Haj with KT: What really happens at Makkah
Haj starts on August 9 (Zul Hijjah 8).
As the world plans Eid Al Adha festivities, over two million Haj pilgrims are preparing themselves for a humbling experience that begins next week.
The otherwise uninhabited Mina in Saudi Arabia will come alive with the prayers of the pilgrims as the annual Haj begins on August 9. The six days after will see these pilgrims share a tent with several others, spend a whole day in contemplation and prayers out in the open, sleep under the stars, symbolically stone the devil, shave their heads and circumambulate the Holy Kaaba before returning home as Hajis (males) and Hajas (females). For the over 1.3 million pilgrims who have already made their way to Makkah, August 2 marked the last Friday they would spend in the holy city. Some of these men and women had come to the city weeks before the actual Haj dates. Mafeeda Kattil from the south Indian state of Kerala was one of them.
"This is my third Haj, Alhamdulillah. Each Haj has given me a new perspective in life. I have performed Umrah, too, but I simply can't seem to get enough of this beautiful place," said Mafeeda.
"This will possibly be the last time I visit Masjid Al Haram (the mosque that houses the Holy Kaabah). I can't really express how sad I feel knowing that this is the last Friday I will spend here."
Here is how the Haj week will unfold for the pilgrims
Day 1: Mina
Pilgrims from all corners of the world will first don the simplest form of clothing: Males in two white unstitched robes and females in long, loose dresses. They will be accommodated in over 100,000 standard-issue tents in Mina, with no distinction made between the poor, rich, healthy, illiterate, etc. At the 'Tent City', each AC-powered accommodation is separated into two sections for males and females.
According to Ashraf Abdul Qader, who is leading 125 pilgrims as part of Abu Dhabi-based Islamic Cultural Centre's Haj mission, each pilgrim will get 'mere centimetres' of space at the tents.
Day 2: Arafat
After spending a whole day and night in Mina, the pilgrims will head to Mount Arafah the next morning. It is from here that the Prophet Muhammad (peace be upon him) addressed thousands of his followers 14 centuries ago for the last time.
The arid land will sizzle with the tears of the faithful, as they brave the heat and fatigue to pray, contemplate and meditate. The only breaks they will take are for the obligatory prayers, food and listening to the sermons that are delivered from atop Mount Arafat. Non-Haji Muslims are encouraged to fast on the day to show solidarity with their Haji brothers and sisters.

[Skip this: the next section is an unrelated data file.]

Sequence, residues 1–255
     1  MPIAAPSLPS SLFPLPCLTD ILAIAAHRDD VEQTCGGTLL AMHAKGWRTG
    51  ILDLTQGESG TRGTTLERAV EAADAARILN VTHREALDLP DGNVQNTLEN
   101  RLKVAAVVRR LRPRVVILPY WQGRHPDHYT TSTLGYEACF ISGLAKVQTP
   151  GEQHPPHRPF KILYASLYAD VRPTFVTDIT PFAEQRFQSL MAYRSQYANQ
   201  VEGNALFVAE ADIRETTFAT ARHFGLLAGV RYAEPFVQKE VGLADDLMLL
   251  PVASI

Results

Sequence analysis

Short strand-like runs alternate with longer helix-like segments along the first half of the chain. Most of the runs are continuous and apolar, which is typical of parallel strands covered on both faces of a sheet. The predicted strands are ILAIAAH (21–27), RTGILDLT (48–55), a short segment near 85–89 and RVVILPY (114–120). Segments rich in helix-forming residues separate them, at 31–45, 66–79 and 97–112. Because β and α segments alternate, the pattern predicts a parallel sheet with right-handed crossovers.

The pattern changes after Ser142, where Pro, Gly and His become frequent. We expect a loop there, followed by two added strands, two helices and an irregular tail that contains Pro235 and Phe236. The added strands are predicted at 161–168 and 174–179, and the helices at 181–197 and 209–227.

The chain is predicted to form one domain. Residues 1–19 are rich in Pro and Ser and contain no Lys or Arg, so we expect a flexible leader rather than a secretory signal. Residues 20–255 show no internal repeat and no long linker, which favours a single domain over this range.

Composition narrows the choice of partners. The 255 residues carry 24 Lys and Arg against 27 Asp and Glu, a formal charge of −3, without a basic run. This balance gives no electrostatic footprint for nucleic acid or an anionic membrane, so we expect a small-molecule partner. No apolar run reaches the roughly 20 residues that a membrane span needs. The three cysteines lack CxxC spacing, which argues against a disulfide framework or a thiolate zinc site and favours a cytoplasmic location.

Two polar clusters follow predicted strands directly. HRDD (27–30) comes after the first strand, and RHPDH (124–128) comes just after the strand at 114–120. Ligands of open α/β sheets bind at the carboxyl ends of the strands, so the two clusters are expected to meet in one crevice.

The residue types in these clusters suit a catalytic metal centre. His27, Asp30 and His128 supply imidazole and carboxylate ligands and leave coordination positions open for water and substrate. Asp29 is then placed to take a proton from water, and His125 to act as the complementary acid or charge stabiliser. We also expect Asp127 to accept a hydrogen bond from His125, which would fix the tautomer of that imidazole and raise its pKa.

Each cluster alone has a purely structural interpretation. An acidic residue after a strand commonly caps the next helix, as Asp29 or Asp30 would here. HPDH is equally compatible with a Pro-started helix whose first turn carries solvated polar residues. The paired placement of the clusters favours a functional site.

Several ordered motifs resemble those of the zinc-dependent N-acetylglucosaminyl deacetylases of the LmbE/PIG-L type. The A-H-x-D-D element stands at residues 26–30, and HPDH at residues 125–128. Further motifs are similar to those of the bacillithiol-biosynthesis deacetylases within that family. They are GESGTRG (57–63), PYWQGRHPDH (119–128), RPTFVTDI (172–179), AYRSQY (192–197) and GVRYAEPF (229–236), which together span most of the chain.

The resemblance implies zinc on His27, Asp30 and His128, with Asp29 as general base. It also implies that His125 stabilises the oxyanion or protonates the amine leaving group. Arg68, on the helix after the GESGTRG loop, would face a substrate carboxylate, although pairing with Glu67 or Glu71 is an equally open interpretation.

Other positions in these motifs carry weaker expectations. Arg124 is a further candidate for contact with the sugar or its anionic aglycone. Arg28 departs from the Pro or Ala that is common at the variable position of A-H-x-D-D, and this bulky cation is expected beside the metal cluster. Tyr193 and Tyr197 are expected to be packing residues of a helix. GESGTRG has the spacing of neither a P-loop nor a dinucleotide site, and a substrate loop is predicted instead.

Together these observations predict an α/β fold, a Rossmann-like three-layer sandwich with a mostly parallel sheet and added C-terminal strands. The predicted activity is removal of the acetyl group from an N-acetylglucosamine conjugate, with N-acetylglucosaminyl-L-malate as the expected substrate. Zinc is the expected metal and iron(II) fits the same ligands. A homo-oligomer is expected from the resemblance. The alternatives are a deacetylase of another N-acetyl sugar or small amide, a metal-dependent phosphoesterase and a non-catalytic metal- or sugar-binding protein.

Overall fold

As dusk descends, the pilgrims will travel southwards to Muzdalifa, where they will spend the night in the open "with the rocks as their beds and the skies as their blankets", as Ashraf put so eloquently.
Day 3: Stoning the devil, rebirth and Tawaf
As the world celebrates Eid Al Adha on days three, four and five (Zhul Hijjah 10, 11 and 12; August 11, 12 and 13), things get busy for the Haj pilgrims. First they will go to Jamrat Al Aqabah, where they will pelt stones at the 'devil' - a pillar - as a symbolic reference to when the Prophet Ibrahim is said to have done the same to actual devils thousands of years ago.
Male Muslims will then shave their heads and females will cut a part of their hair to be 'reborn' spiritually.
They will head to the Holy Kaaba and circumambulate the structure seven times in a process called 'Tawaf'. Then comes the 'Sa'ee' ritual that will see the pilgrims walk/run between two hills called Al Safa and Al Marwa to pay homage to the desperate dash for water by the Prophet Ibrahim's wife, Hajar, for her infant son Prophet Ismail. It is believed that after Hajar ran between the hills for seven times, the Zamzam well sprung forth.
Days 4, 5 and 6: Stoning three devils and farewell
On the last three days, pilgrims will head back to Mina to pelt stones at three 'devils' - pillars called Sohra, Vusta and Aqabah. After that, they will head to the Holy Kaaba for one last circumambulation. Fittingly, this is called the farewell Tawaf. Most of the pilgrims will then head to Madinah - the city of the Prophet Muhammad (peace be upon him) - where he is buried beneath the mosque he built and served as Islam's nerve centre: Masjid Al Nabawi.
It's believed that pilgrims who perform Haj in the way it has been prescribed go back home as a newborn - meaning, he/she gets a clean slate and the chance to start afresh. Here is wishing all the pilgrims a mabroor (perfect) and maqbool (accepted) Haj!